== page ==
A few years ago, my family members all got FitBits for Christmas. I’d been coveting them from afar, so I was thrilled. The ability to have access to a constant, self-actualizing source of data about myself? It was like — well, Christmas.
The idea was that it was a nice way to keep in touch with family members as well as measure our fitness — we could compete, see how many steps everyone had taken, challenge each other. I was, then, of the opinion that it was an entirely positive move. We’re a very health-conscious family, so it could only be beneficial.
I kept it for nearly a year. I wore it religiously, constantly checking my steps, my heart rate, my time asleep. I measured my weight, and even my caloric intake.
I upped my step goal from 10,000 to 10,500, and again, until I was aiming to hit 12,000 steps a day. I’d carefully do at least 500 per hour to help me reach this goal, and I wouldn’t go to sleep until I’d done my steps. Because I worked in an office setting, and I didn’t want people to think I was weird, I often would go jog in the bathroom to get my steps, listening intently for someone coming in so I could stop in time.
At night, my boyfriend often watched from the bed, bemused, as I jogged in place in my PJs until I felt that euphoric BZZ bz bz bz that meant I’d hit my goal.
I felt so motivated — so on fire with health — for the first time in my life, it felt like, I had a completely transparent view of calories in, calories out, and the effect that had on my weight.
As a naturally curious data analyst, I even uploaded a bunch of my data into a program called R, where I plotted trends and probabilities. I grew reluctant to walk anywhere if it was uncharged or I’d left it off. I put it on first thing in the morning when it did have to charge, to ensure those steps to and from the shower were counted. I was constantly tapping my wrist, to see how many steps I was at, what my heart rate was, how many calories I’d burned so far.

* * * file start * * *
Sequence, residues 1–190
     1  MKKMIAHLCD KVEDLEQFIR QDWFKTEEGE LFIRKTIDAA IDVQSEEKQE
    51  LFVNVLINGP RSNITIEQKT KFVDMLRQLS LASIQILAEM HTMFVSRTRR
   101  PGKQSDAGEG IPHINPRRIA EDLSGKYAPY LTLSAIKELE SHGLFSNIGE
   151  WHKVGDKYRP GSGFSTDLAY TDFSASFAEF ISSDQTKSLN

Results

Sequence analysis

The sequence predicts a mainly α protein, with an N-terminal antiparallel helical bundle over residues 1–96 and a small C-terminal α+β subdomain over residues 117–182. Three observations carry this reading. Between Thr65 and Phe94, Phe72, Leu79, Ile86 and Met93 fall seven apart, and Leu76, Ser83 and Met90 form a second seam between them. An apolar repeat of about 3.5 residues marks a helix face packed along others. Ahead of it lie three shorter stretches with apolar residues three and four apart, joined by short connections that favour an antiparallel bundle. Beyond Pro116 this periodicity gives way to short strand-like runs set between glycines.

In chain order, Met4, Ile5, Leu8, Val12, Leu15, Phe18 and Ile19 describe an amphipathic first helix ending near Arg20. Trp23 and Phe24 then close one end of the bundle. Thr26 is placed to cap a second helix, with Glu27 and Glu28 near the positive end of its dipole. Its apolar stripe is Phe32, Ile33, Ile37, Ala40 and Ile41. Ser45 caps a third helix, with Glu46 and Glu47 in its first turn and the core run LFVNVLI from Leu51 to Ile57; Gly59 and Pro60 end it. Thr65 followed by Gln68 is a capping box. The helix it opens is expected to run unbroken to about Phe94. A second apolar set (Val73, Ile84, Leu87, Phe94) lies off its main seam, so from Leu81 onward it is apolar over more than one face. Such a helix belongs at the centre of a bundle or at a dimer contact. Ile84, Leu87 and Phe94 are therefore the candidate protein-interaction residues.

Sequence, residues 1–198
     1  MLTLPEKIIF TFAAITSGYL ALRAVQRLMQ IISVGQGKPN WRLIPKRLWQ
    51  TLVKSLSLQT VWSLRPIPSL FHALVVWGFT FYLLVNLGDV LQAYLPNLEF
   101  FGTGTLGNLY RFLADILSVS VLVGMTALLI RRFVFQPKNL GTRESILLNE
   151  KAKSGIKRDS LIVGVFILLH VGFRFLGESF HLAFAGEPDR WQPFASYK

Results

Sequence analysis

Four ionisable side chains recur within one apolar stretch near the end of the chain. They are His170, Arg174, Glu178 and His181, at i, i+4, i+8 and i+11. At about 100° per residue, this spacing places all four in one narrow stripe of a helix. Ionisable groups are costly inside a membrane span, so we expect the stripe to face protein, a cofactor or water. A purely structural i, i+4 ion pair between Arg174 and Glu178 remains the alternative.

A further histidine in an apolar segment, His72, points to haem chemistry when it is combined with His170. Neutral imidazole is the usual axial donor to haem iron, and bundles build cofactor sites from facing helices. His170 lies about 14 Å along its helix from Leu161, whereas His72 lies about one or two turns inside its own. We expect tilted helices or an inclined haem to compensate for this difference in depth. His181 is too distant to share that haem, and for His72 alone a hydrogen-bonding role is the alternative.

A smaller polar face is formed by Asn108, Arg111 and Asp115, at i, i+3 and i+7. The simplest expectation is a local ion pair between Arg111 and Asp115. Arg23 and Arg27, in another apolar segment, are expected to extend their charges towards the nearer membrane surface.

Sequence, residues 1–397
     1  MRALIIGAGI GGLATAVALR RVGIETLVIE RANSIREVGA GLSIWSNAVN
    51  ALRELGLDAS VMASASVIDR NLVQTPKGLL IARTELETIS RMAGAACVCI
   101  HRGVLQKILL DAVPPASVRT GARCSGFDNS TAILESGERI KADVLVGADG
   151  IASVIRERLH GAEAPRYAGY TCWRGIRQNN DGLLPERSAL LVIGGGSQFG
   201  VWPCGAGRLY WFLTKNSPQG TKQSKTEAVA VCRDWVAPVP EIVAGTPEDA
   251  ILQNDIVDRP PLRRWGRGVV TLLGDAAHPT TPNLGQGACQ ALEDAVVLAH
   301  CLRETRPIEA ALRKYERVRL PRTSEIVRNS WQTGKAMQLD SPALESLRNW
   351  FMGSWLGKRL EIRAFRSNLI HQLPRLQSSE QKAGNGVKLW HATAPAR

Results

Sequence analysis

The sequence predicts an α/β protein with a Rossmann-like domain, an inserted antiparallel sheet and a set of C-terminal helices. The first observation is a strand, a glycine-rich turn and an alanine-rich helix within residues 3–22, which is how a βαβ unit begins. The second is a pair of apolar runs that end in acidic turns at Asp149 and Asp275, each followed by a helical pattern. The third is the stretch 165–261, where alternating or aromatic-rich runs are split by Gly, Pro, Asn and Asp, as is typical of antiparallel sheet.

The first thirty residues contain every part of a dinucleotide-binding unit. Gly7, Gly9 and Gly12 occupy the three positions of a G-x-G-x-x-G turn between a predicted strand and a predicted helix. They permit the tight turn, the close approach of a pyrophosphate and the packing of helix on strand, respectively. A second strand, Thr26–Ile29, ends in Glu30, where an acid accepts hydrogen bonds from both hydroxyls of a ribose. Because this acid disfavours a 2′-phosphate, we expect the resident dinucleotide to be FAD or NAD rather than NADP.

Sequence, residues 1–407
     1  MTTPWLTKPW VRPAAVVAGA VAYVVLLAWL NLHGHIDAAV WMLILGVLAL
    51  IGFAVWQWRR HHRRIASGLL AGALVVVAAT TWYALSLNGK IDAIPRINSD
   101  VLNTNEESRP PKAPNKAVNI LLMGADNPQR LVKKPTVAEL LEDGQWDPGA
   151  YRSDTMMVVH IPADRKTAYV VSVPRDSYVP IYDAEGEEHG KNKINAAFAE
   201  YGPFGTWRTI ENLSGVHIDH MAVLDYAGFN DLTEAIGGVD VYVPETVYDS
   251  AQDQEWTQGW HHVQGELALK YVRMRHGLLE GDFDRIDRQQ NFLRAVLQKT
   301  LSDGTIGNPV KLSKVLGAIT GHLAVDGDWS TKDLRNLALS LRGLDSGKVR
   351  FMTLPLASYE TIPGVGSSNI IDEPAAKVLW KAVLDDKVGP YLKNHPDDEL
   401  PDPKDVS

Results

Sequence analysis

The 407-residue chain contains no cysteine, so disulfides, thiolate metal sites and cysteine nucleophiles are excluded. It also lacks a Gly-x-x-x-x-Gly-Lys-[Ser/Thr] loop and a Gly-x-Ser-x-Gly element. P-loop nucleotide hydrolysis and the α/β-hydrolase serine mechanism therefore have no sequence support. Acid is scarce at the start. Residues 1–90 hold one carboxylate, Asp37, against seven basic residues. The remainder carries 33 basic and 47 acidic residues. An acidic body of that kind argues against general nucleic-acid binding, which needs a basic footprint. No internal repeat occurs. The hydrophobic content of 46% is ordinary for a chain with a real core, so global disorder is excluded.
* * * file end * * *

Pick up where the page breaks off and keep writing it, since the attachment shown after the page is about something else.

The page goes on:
Does a step really count if FitBit didn’t count it?
I wasn’t happy with it, looking back, but I certainly was passionate. The numbers grew to consume my life, in a way, every walk measured, every burst of exercise recorded for future optimization.
Then, one sunny salty afternoon in Sardinia, I took an unexpected dip in the ocean. My FitBit crackled once and then gave up the ghost. It had done a good service; I gave it up without any mourning. I couldn’t really afford another, I was a little sick of jogging in place, and after all, I thought, it’d been months. Surely I would keep up the healthy habits without Big FitBit looming over my proverbial shoulder?
As soon as the pressure was lifted, I stopped caring.
I put on an old Casio watch so I could still tell the time, but the very first day I didn’t have a tiny monitor buzzing at me to go for a walk, I stopped caring. I still walked to work, I still had the same dinner, but I did not make any extra trips to the tea kettle to make beverages; my bathroom trip times were halved, and I would sit at my desk for much longer than 50 minutes at a time.
At first I was worried. Without my constant healthy godmother, how would I stay in shape? How would I know when I’d hit my steps for the day? How could I ensure I’d burned more calories than I’d eaten that day? y sedentary lifestyle was overtaking me!
But then, as the days and weeks and FitBit-free months flew by, nothing really changed. I did not lose weight or gain weight. I briefly put on a bit of muscle mass from doing Kayla Itsine’s Beach Body 12-week workout, but lost it when I stopped. I continued going for unmeasured runs, and my eating habits didn’t drastically differ.